LIONS OF LYDIA

Reviewed by Herb Levy

LIONS OF LYDIA (Bellweather Games, 2 to 4 players, ages 13 and up, 30-60 minutes; $39.99)

 

Anyone who has ever seen Cabaret knows that “money makes the world go around”. But money wasn’t always a thing. For a long period of time, bartering – trading goods or services for other goods or services – was the basis for an economy. Since bartering is an inexact “science”, the need for something universally valued and accepted paved the way for the rise of currency. In Jonny Pac Cantin’s latest design, money, minted with the heads of lions, comes into play as players deploy their merchants and purchase and develop property while generating the currency that will help them win in Lions of Lydia.

The game comes with a relatively small city board where the four gates of the city (in red, blue, yellow and green) occupy the corners.  A fountain token is placed in the center of the city along with four “merchants” (meeples) of red, blue, yellow and green. Players begin with one of each color meeple in their draw bag and a player board to track the four resources of the game (ostensibly wheat, meat etc. but it’s easier to just go by their colors, also red, blue, yellow and green). An influence tracker is placed at the bottom of that board as well as a “Lydian merchant” (a “gold” meeple) put on the first space of that track. Depending on the specified color of the player board (either red, blue, yellow or green), that player gets the Starting property card of the matching color. 

Property cards come in three types: Gold, Silver and Purple. Each deck is shuffled and 1 Gold, 3 Silver (only 2 with 2 players) and 2 Purple are placed on each side of the city. One Lydian merchant meeple is placed on each Gold card. The starting player is randomly chosen and turns begin.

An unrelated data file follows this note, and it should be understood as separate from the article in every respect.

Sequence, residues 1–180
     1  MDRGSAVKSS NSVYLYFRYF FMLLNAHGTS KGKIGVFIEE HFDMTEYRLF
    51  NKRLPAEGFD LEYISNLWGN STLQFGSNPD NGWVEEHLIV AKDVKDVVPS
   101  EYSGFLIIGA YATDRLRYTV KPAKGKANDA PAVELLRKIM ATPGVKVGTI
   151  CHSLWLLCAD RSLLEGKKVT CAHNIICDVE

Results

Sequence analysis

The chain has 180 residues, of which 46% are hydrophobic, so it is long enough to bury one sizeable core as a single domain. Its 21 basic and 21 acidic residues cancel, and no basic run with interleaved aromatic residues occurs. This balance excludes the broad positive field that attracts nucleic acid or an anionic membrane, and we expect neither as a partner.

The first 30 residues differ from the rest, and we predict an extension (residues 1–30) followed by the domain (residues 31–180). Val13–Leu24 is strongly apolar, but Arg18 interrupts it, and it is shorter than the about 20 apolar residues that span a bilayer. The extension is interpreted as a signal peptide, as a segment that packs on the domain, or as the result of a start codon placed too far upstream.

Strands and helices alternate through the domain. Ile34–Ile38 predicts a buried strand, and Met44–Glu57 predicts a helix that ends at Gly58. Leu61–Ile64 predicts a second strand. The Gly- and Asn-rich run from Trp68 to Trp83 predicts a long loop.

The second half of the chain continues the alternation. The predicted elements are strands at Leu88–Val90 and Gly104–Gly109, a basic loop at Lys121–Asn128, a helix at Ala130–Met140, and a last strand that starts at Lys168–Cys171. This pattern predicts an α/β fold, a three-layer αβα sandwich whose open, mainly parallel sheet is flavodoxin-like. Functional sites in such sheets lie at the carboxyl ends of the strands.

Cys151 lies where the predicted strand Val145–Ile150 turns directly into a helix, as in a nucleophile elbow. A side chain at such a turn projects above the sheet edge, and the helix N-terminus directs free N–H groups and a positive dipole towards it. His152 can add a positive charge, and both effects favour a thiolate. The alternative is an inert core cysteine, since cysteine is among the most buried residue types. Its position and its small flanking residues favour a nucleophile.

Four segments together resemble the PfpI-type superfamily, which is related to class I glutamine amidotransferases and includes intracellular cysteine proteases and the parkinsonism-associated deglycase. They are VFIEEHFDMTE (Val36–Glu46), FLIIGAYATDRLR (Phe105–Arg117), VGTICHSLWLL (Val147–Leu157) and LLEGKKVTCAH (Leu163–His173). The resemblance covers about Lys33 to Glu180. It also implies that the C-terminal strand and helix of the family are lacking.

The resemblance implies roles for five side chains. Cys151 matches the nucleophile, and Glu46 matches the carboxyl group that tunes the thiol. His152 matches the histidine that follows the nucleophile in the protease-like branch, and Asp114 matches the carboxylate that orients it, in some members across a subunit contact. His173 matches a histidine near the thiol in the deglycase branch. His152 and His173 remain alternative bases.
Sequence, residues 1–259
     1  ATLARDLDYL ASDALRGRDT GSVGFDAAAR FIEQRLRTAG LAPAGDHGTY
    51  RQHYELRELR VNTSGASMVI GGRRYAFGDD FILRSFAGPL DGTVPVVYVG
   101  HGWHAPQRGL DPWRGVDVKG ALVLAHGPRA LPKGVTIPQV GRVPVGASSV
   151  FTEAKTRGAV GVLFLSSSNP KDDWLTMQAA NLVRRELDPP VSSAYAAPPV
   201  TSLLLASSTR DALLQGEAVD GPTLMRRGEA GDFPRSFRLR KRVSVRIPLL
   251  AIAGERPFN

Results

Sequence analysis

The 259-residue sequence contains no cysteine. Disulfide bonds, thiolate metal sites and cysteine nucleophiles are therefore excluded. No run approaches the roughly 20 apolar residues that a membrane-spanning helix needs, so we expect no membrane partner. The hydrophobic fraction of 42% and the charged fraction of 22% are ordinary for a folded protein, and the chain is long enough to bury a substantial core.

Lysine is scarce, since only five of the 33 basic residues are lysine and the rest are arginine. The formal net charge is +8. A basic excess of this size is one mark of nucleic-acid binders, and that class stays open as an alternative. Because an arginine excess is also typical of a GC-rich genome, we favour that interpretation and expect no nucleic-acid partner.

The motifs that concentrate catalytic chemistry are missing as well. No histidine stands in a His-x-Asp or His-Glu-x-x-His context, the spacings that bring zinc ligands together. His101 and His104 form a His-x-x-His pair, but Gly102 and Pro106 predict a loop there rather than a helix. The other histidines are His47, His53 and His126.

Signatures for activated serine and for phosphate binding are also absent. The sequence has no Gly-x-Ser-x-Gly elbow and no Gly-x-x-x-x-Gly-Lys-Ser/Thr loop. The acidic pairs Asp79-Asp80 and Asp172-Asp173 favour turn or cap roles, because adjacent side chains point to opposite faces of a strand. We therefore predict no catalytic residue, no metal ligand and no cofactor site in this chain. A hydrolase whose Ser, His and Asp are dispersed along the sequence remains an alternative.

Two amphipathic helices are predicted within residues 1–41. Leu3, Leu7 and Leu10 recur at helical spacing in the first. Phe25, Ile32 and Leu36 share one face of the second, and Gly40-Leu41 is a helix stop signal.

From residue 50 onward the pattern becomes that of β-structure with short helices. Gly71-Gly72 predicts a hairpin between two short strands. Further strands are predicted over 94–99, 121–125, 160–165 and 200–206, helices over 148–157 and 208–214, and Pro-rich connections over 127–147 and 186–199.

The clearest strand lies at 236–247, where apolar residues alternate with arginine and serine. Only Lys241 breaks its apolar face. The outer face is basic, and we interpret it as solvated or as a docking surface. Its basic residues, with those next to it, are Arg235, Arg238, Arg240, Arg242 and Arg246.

On a turn, the active player draws 1 meeple out of his/her bag. This “merchant” may be placed next to any of the four gates OR placed in the fountain area. 

Players gain resources when a merchant is placed next to a gate, the amount depending on the color of the gate AND how many meeples are present there. For example, if placing a green merchant at the blue gate where a red and blue merchant are already present, 1 green, 1 red and 2 blue resources would be gotten. Resources collected are tracked on your player board. Six of each resource is the maximum that can be kept.  If two of the same color meeple are at the gate, that pair is moved to the fountain area. Should a “Lydian Merchant” be placed at a gate or already be there when you place your meeple, a Gold Coin option is triggered. Rather than taking resources in the color of the gate, you can take that number of generated resources as gold coins. This can be especially useful for two reasons: first, when you are holding close to 6 of that particular color, any excess is lost and second, gold coins are WILD; they can be used as ANY resource when buying or upgrading property.